KUALA LUMPUR — Indonesia has sent an armada of warships and fishermen to waters around its northern Natuna Islands in response to recent incursions by dozens of Chinese fishing boats and coastguard ships. China’s sweeping claim to most of the South China Sea overlaps with Indonesian waters around the Natunas, with the latest flare-up prompting the usually soft-spoken Indonesian President Joko Widodo to bluntly assert that “Natuna is Indonesia” during a visit to the contested region last week. Beijing’s claim to the South China Sea, through which between US$3-5 billion worth of trade passes most years, extends 2000 kilometers from the Chinese mainland and has angered neighbouring countries, particularly Vietnam and the Philippines, whose own smaller claims around the sea overlap with Beijing’s.
PHNOM PENH – With horror images showing fields of plastic rubbish bobbing on turquoise seas around the world, one could be forgiven for welcoming the sight of one of the world’s great rivers turning a fresh blue. However the azure hue seen in recent weeks along stretches of the Mekong is stirring concerns that dozens of hydroelectric dams, the biggest of which are in China, are interrupting the river’s natural flow and blocking sediment that should be carried to farmland downriver that helps feed 60 million people. Earlier this month the Mekong River Commission, a regional intergovernmental body, put the colour change down to “extremely low flow, slow drop in the river sediments,” after warning last month that the Mekong region could face serious drought over the turn of the year.
PHNOM PENH – Chinese telecommunications giant Huawei predicted in late December that the number of 5G connections worldwide would jump from around 20 million in 2019 to over 200 million by the end of 2020. Nowhere will the corporate and geopolitical contest to lead that rollout be more hotly contested than in Southeast Asia. Since a successful launch of commercial 5G services last April in South Korea, where around 3.5 million people have signed up for more expensive high-speed 5G and are using three times the data of 4G subscribers, mobile network providers across Asia could be set to cash in if the technology is made widespread soon. If those millions can soon become tens or even hundreds of millions, 5G, which promises download speeds between 20 to 100 times faster than the current leading 4G system, could revolutionize fields from public transport to healthcare to manufacturing, a potential that Dutch bank ING suggests could be “an economic light-bulb moment.”
PHNOM PENH — Malaysia’s prime minister-in-waiting Anwar Ibrahim is facing a sexual assault complaint that could derail a succession already shrouded in doubt by the apparent reluctance of 94 year old leader Dr Mahathir Mohamad to hand over as promised. Mr Anwar gave a statement to police on Thursday, promising “full cooperation” after 26 year old Muhammed Yusoff Rawther, a former researcher in Mr Anwar’s office, last week accused the heir-designate of making unwanted sexual advance, allegations that echo previous cases that saw Anwar jailed, including by Mahathir. Mr Anwar had already denounced the claims as “baseless slander” and “politics at its worst,” aimed at torpedoing a handover lined up since Dr Mahathir, then 92, won a sensational election victory in May 2018. When Dr Mahathir became Malaysia’s prime minister for the second time he was adamant that his return to politics would be short-lived: not only would he step down after two years, he would hand power to his one time protégé who became a bitter foe, 72-year old Mr Anwar. However Dr Mahathir, the world’s oldest prime minister, is pleading to stay in the job at least until after Malaysia hosts the Asia-Pacific Economic Cooperation (Apec) summit in November next year. “Because Mahathir has not yet confirmed a handover date, Anwar supporters are assuming the worst,” said Ibrahim Suffian, head of Merdeka Center, a Malaysian opinion survey group.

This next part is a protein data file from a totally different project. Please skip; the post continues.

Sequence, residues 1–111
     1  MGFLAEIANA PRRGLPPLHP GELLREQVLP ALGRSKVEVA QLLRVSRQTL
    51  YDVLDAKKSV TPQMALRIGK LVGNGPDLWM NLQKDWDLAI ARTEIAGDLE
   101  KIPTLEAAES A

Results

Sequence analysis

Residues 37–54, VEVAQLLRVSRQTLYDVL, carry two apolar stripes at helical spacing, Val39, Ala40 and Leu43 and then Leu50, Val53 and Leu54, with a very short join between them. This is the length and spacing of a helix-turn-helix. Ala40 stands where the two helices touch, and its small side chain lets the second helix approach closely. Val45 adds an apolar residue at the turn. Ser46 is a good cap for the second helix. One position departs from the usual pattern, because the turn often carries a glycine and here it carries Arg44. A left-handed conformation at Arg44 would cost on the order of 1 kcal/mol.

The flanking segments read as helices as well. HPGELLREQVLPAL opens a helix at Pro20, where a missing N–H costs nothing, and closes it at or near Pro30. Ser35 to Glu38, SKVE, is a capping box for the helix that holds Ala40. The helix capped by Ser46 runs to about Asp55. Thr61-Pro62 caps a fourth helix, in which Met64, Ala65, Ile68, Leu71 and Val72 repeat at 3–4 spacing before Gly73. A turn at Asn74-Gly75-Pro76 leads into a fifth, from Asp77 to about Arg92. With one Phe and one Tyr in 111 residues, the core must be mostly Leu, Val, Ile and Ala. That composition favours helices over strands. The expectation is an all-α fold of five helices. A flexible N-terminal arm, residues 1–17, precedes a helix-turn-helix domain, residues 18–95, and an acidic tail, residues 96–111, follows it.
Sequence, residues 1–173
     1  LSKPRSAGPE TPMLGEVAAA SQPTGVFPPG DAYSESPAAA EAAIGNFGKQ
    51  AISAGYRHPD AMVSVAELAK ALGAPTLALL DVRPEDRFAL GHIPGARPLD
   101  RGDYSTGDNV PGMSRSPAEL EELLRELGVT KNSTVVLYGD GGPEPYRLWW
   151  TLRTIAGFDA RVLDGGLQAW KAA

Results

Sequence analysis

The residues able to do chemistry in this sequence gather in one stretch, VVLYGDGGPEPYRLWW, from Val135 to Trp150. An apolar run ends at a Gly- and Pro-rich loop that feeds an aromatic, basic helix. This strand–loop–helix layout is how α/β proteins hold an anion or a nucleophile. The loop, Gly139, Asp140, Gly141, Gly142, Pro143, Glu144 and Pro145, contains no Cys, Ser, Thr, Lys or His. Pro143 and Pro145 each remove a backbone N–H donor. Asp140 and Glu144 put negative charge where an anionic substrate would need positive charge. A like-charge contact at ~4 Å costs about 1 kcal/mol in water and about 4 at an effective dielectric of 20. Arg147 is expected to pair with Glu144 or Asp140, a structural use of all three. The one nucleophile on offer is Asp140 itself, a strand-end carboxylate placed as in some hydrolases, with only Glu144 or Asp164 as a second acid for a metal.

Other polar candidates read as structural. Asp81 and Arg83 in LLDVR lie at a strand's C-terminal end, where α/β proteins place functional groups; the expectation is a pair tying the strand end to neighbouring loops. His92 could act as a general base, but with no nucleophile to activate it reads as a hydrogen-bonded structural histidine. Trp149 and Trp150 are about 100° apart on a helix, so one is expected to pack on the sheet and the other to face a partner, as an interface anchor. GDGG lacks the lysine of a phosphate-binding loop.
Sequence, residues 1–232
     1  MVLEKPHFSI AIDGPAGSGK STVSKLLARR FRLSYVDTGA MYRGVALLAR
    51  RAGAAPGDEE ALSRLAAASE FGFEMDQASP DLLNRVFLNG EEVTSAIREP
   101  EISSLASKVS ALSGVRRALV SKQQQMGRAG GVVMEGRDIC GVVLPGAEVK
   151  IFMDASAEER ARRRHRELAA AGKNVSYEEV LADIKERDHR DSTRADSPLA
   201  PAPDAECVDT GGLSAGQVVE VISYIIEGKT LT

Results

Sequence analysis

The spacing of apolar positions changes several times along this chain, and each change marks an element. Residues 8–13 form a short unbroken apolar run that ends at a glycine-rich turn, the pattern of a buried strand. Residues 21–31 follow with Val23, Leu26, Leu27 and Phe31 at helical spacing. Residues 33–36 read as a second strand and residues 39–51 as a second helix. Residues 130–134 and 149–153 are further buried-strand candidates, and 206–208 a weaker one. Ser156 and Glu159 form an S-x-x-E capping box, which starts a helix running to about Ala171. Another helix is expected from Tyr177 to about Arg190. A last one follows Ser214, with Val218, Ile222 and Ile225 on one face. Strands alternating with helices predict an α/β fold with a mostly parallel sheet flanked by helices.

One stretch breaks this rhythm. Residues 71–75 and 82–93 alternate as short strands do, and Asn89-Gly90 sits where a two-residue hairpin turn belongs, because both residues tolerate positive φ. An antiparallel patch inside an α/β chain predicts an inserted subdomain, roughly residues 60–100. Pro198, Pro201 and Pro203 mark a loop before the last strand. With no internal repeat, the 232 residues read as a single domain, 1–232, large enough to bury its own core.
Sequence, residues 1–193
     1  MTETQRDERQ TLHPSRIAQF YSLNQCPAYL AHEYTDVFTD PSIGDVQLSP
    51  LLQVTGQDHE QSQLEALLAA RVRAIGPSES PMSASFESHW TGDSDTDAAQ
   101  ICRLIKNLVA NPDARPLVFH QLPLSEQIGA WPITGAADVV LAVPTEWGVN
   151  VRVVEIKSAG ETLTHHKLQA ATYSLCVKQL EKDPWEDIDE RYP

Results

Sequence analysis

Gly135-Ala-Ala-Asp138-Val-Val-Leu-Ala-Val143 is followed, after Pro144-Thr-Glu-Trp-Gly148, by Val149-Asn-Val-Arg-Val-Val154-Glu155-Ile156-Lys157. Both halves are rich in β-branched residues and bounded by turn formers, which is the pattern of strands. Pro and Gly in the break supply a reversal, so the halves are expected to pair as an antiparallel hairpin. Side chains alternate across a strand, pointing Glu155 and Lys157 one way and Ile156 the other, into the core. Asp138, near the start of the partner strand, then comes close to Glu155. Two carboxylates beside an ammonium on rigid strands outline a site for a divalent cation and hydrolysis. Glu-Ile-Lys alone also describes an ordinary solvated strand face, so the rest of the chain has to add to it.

PHNOM PENH — Despite Kem Sokha being freed from house arrest a month ago, it was later announced that he will face trial on January 15, a decision that is unlikely to bolster Cambodia’s case for avoiding sanctions. To Kem Monovithya, a leading opposition politician and a daughter of Kem Sokha, the decision to try her father shows “there is no good will from the CPP [Cambodian People’s Party] controlled court”. It is not just opposition leaders who have been targeted. Though most have since been freed, dozens of local opposition activists were rounded up in the weeks prior to Sokha’s release, as the government issued lurid jeremiads about a coup attempt allegedly being orchestrated by Sokha’s fellow opposition leader Sam Rainsy. “We are very concerned about the human rights situation there. The Cambodians now have one month to respond and we will make our final decision in Feb next year,” commented outgoing Commission trade chief Cecilia Malmstrom in a 12 November post on Twitter.